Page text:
Assault education and awareness under way during the month of April

Every year thousands of people are sexually assaulted. This includes everyone; men, women, and children. However even with the victims of sexual assaulted ranging in age and gender, it is college age women who are the most common. Research has shown that every 2 minutes, someone in the U.S. is sexually assaulted.

Alaska has continuously been ranked number one nationally for not only sexual assault, but also child sexual abuse.  Anchorage is one of the top ranked cities for sexual assault. Because of these facts, it has become a necessity to bring awareness to patrons of this high risk city.

The entire month of April is set to bring education and awareness to those who were affected, know someone who was affected, and especially those who do not believe that they are at risk. In Anchorage events are set to take place all over town for patrons to attend, participate in, and ultimately raise money.

AWAIC (Abused women’s aid in crisis) and STAR (Stand together against rape) are the top supporters of bringing sexual assault awareness to the population. They sponsor big events; two of the biggest include Take Back the Night and Walk a Mile in Her Shoes. Others are the filming of Telling Amy’s Story, ZUMBA dance fundraiser, and national wear denim day.

“I go to these events every year,” said James Oliver. “I have a close friend who was assaulted and so being able to help out in any ways I can has a personal connection.”

Take Back the Night helps people find support from others who have been affected by sharing stories, lyrics, and poems to speak out against violence.

“It is my favorite event because it is so powerful. The voices that would otherwise gone mostly unheard are able to speak out to a large number of people,” said Oliver. “Unfortunately only people above the age of 21 can participate leaving out a large chunk of the population that could benefit from it.”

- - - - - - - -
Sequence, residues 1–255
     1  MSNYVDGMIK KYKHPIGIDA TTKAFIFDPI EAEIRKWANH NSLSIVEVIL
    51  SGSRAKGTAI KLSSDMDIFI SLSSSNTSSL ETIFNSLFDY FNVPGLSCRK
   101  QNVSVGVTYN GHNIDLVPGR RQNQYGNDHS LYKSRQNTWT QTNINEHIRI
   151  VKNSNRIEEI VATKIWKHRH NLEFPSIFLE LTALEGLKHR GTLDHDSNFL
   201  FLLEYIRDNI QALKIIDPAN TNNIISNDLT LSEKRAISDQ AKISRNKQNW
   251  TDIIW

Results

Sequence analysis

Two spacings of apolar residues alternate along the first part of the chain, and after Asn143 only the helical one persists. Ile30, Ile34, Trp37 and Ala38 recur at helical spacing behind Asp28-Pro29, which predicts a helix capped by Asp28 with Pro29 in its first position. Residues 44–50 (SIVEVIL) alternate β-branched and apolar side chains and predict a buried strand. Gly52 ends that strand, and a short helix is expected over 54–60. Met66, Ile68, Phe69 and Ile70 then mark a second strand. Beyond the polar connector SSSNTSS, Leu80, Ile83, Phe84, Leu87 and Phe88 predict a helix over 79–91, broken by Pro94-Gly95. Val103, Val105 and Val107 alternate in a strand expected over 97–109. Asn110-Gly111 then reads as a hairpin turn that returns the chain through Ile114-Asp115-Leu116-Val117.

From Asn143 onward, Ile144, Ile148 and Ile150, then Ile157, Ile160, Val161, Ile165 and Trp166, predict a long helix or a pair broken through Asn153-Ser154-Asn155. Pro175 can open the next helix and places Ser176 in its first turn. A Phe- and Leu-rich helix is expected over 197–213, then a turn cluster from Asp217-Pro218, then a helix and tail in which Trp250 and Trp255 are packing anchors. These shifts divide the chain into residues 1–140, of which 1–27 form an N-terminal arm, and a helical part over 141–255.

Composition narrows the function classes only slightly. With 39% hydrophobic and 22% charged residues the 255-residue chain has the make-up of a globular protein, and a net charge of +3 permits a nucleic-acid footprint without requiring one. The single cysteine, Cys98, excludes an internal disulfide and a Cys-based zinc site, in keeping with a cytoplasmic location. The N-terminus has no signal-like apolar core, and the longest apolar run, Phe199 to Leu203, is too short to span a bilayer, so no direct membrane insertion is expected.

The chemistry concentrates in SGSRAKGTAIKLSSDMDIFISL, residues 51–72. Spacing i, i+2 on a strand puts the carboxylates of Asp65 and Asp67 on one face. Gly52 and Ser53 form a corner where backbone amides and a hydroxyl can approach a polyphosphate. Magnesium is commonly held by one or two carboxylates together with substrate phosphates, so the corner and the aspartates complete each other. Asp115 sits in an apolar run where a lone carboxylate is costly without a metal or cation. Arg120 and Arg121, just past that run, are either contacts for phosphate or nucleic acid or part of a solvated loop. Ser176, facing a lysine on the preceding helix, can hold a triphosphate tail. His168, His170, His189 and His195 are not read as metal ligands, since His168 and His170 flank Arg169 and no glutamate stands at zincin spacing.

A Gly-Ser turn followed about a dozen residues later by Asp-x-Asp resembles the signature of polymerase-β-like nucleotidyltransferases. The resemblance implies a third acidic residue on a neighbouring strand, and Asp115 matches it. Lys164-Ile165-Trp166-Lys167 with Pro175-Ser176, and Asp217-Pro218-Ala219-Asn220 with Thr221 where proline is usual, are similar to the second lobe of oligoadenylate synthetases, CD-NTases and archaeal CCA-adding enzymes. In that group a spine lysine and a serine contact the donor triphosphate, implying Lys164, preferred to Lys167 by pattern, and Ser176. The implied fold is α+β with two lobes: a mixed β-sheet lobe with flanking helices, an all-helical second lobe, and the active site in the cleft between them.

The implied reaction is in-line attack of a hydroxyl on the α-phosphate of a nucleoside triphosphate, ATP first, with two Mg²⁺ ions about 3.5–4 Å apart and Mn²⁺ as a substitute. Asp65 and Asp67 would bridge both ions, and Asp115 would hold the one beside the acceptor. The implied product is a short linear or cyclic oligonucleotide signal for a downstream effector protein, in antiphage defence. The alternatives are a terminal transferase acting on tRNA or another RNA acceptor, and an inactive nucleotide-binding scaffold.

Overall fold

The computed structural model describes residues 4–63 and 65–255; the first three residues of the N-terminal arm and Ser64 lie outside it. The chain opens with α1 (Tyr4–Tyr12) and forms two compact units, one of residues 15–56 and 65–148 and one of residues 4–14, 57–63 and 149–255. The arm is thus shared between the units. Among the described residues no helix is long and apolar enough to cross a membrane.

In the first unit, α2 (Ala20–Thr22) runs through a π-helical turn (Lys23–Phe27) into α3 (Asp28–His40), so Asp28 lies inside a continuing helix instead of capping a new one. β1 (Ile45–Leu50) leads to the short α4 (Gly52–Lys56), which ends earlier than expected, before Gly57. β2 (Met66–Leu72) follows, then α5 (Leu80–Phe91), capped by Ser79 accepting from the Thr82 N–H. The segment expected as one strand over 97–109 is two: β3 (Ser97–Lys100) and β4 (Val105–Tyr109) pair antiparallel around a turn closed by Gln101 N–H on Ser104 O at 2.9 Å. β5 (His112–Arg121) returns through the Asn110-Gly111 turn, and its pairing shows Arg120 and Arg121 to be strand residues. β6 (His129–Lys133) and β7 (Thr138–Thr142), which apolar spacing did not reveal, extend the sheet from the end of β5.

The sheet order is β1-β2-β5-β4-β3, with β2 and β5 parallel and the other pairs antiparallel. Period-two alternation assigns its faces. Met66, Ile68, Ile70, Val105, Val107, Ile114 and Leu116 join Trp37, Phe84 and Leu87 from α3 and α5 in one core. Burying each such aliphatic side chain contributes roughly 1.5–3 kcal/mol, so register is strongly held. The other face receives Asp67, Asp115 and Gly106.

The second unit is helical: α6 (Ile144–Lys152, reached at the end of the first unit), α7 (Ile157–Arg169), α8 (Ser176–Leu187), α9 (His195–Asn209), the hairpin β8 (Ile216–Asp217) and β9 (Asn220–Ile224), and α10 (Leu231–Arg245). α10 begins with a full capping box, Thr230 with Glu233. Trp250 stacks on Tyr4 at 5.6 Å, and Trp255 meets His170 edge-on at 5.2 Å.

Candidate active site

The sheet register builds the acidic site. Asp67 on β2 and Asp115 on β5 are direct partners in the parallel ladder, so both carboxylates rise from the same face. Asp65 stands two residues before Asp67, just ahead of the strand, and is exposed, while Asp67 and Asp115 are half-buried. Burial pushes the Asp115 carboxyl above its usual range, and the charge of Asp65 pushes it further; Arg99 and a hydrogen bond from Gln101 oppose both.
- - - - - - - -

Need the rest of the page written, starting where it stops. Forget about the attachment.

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Walk a mile in her shoes invites men and women from all over Anchorage to wear high heels and walk a mile in them to represent women who have been sexually assaulted.

Basic tips that are recommended by services like STAR to protect people and lower the risk of being sexually assaulted in public.

Having a buddy system with someone really trustworthy when going out to bars or in unfamiliar places is key to ensure a person’s safety.  Always bring a closed bottle of water that never gets left unattended. Pepper spray in a bag is handy not only for pesky Alaskan wildlife. If alone, stay in populated and brightly lit areas.

While these tips may be considered obvious to most people, studies show that people do not believe that a sexual assault can occur to them and therefore do not prepare for even these simple tips, increasing their risk substantially.
Sexual assault is not only in public by strangers, but also in the comfort of a person’s home by those they believe they love.

“Domestic violence is just as prominent as public sexual assault by a casual acquaintance. In some ways, it can be even worse,” said Terra Emerson, a counselor who has dealt with many of these cases. “While a public sexual assault usually happen once, domestic violence victims refuse to acknowledge the damage being done and are continuously attacked again and again.”

Through education, awareness, and events in the community, organizations like STAR and AWAIC are working to stop all forms of sexual assault from occurring, and thus reducing the rate of sexual assault in Anchorage making it a safer place for those who live here.